Congress to address Nevada’s abandoned mines | NevadaAppeal.com

Congress to address Nevada’s abandoned mines

Associated Press

WASHINGTON, D.C. – Congress will take up the issue of Nevada’s abandoned mines when the House Resources Subcommittee on Energy and Mineral Resources conducts a hearing on the Abandoned Mine Restoration Act of 1999 today.

Six Nevada mines, including one in Douglas County, would be helped by the bill, according to Congressman Jim Gibbons, R-Nev.

The congressional hearing is scheduled to take place at 10 a.m. in Room 1324 of the Longworth HOB, Washington, D.C.

“The Western Governor’s Association identified over 263,000 abandoned sites in 15 Western states, including Nevada,” said Gibbons, a mining and exploration geologist and Member of the House Resources Committee.

The Veta Grande Mine is located in Douglas County about 11 miles southeast of Gardnerville.

“I introduced this bill to help restore and protect areas negatively affected by drainage from abandoned mines. These sites need to be cleaned up before they become major environmental or public safety hazards. Residents and communities adjacent to these sites must be assured that their health and safety are being protected.”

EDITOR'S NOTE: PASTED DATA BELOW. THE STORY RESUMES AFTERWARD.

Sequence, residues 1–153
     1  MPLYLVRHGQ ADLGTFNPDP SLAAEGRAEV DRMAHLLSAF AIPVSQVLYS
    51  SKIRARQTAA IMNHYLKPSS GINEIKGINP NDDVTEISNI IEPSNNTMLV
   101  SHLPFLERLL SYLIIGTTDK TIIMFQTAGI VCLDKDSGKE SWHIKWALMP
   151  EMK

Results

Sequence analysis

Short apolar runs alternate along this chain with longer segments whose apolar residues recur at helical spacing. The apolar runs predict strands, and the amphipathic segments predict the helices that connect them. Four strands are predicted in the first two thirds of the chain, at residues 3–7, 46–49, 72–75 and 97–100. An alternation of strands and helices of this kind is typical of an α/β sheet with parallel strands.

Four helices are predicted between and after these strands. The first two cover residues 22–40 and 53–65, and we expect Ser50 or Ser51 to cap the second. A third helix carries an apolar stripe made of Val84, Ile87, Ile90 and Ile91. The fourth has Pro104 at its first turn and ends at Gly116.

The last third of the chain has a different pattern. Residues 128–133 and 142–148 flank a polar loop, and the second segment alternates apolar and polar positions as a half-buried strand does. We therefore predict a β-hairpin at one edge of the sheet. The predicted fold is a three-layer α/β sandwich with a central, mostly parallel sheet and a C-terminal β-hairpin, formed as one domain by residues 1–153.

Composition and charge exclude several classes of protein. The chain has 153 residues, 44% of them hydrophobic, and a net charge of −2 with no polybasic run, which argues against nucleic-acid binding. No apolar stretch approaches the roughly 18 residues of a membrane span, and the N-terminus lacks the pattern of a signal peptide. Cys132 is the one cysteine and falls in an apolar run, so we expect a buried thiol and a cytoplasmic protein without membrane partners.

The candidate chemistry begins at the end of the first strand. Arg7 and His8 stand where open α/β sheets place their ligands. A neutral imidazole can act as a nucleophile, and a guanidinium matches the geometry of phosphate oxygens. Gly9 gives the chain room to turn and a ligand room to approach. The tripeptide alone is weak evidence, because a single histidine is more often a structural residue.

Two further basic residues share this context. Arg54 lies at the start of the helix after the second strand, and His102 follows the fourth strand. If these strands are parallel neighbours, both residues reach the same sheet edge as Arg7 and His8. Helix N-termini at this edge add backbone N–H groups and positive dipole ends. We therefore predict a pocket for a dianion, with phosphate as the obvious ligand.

Gibbons considers five specific Nevada sites besides the one in Douglas as high priority for mitigation, including:

– Johnston Mill Site in Lincoln County

– Norse-Windfall Mill Site in Eureka County

– Rip Van Winkle Mine in Elko County

– Tybo Tailings Site in Nye County

– Castleton Mine Site and Tailings Pond in Lincoln County.

Gibbons’ bill authorizes the Corps of Engineers to assist in drainage control from abandoned and inactive non-coal mines, restoration and protection of streams, rivers, wetlands, other water bodies and riparian areas degraded by drainage from abandoned non-coal mines, demonstration of innovative and alternative treatment technologies to minimize or eliminate effects associated with drainange; and, restoration of abandoned and inactive non-coal mine sites for public health or safety purposes.

The bill also authorizes the Corps of Engineers to provide assistance to state and non-profit entities to develop, manage and maintain a database of conventional and innovative, cost-effective technologies for reclamation of abandoned and inactive non-coal mines.